Dips and crudites are perfect picnic fare, and will ensure that your child eats something fresh and healthy. Cut up plenty of carrots, celery, peppers, cucumber and cherry tomatoes for a refreshing energy boost served with hummus, bean or avocado dip.

Just desserts

  • Fresh fruit is essential for a picnic. Apples, bananas, plums or a bag of cherries are all easy to transport and eat. Take a small knife (well-wrapped in a napkin) if you want to cut up apple while you are out.
  • Cubes of pineapple or small slices of melon and watermelon are a thirst-quenching treat. Ensure that you wash melons thoroughly before slicing, as bacteria can be present on the skin. Remove the seeds and refrigerate melon slices to prevent growth of harmful bacteria.
  • In summer, a punnet of washed, hulled strawberries will provide a perfect end to your picnic - with perhaps a tub of Greek yoghurt or natural fromage frais to dip them in.
  • For a more substantial sweet treat, take along homemade cookies, flapjacks or tiny squares of a dense, moist cake such as carrot or courgette cake. Remember, whatever the cause for celebration, this is not the time for fragile desserts.

Drinks for picnics

  • Take plenty of water, as children dehydrate quickly when active in the open air and sunshine.

  • Use plastic bottles of water, two-thirds full, then frozen. These can be used as ice blocks to keep the food cool, and then drunk when the ice has melted.

  • Any leftover water will be useful for washing hands.

  • Smoothies are fun and nutrient-rich for picnics. Prepare these at home, chill and transport in insulated flasks. For extra energy and vitamin C, make homemade old-fashioned lemonade.

  • You can take flasks of tea or coffee for adults. Mint tea is particularly refreshing and travels well.

Contented picnicking


Picnics should be great fun but in order that everyone enjoys the day to the full, there are certain guidelines you need to follow to ensure that the food you prepare and eat is safe.

  • Always wash your hands before handling any food, and always use clean utensils and containers to prepare and hold food.
  • Do not prepare food more than 24 hours before your picnic, unless it is to be frozen. Any frozen food must be completely thawed in a refrigerator. If possible, prepare food on the day of the picnic.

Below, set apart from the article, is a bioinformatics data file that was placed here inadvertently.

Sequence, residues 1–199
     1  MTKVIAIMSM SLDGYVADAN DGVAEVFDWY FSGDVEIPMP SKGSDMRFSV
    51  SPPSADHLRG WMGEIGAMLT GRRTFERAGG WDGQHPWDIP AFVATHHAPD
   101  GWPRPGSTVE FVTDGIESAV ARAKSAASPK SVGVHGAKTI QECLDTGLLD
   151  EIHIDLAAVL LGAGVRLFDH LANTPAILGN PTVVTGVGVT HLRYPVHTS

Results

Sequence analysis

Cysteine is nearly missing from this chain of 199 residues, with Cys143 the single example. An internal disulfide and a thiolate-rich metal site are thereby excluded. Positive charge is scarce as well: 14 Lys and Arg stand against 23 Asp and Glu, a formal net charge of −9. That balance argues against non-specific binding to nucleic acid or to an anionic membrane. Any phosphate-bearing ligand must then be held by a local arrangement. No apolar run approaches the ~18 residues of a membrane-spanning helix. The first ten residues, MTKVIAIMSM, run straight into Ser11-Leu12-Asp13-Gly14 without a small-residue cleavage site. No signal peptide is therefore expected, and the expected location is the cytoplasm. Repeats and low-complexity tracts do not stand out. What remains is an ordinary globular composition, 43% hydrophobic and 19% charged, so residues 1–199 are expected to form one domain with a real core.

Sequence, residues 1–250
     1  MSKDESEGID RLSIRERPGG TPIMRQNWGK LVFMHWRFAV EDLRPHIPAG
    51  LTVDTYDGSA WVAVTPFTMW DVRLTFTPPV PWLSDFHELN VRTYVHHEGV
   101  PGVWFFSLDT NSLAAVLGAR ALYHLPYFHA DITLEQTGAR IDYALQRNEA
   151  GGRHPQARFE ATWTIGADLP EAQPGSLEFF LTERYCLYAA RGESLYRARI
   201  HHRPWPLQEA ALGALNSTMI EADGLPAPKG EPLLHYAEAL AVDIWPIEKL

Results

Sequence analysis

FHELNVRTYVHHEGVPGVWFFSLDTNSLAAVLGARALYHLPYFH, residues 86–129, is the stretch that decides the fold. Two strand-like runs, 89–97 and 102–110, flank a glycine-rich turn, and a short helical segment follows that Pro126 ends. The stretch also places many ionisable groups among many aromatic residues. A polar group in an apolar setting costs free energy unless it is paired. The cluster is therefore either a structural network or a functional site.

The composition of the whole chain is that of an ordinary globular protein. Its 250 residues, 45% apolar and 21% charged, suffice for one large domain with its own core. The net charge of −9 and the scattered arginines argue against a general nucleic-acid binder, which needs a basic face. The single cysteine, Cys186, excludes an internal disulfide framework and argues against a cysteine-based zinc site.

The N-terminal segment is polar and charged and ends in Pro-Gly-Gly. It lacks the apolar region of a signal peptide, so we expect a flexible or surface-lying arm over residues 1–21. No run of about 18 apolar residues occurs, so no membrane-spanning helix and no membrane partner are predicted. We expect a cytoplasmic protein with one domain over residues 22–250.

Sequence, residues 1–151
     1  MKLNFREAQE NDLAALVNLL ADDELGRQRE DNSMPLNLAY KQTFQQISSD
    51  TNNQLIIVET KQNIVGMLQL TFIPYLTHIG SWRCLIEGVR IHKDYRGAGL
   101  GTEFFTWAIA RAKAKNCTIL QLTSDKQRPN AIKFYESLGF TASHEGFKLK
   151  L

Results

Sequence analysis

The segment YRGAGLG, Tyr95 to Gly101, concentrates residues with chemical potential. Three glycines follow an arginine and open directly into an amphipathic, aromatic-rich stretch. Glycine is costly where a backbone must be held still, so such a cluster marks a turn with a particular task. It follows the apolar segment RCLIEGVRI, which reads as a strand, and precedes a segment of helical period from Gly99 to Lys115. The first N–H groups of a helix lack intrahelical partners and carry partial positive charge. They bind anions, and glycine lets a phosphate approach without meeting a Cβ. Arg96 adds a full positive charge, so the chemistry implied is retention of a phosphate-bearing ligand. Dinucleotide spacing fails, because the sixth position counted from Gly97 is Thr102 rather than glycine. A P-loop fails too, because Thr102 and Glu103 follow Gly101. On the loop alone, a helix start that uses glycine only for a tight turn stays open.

• Store all prepared foods in the refrigerator and pack them at the last minute.
  • Use an insulated cooler along with frozen ice blocks to maintain the temperature of cold food and prevent bacterial growth.
  • Store food in a cooler with ice blocks under and between containers.
  • If travelling to your picnic by car, transport the food in the passenger area, as this will be cooler than the boot of the car.
  • Once at your picnic site, keep your cool box in the shade and covered by a blanket to maintain the cold temperature inside.
  • Take plenty of wet wipes to clean everyone's hands before the meal.
  • Keep any uneaten foods in the cooler during the meal. Do not allow cold food to sit out in the warmth.
  • Keep all food covered to prevent insect contamination.
  • Throw away any remaining food as it will have been sitting out for longer than is safe

Food that is normally refrigerated will last for two hours before it should be eaten. This time is reduced to one hour in particularly warm weather. If you cannot keep food cold for long enough, take a picnic of foods which do not require refrigeration, for example:

  • simple sandwiches such as marmite or peanut butter
  • breadsticks
  • savoury crackers
  • fresh unpeeled fruit such as apples, pears, bananas and oranges
  • dried fruit
  • nuts (if children are old enough and don't have allergies)
  • muffins and fruit breads

In addition to the food, don't forget to pack a first-aid kit containing insect repellent, antiseptic cream, ointment for burns, bites and nettle stings), arnica cream for bruises, and plasters for blisters and cuts.

Taken from Feeding Made Easy by Gina Ford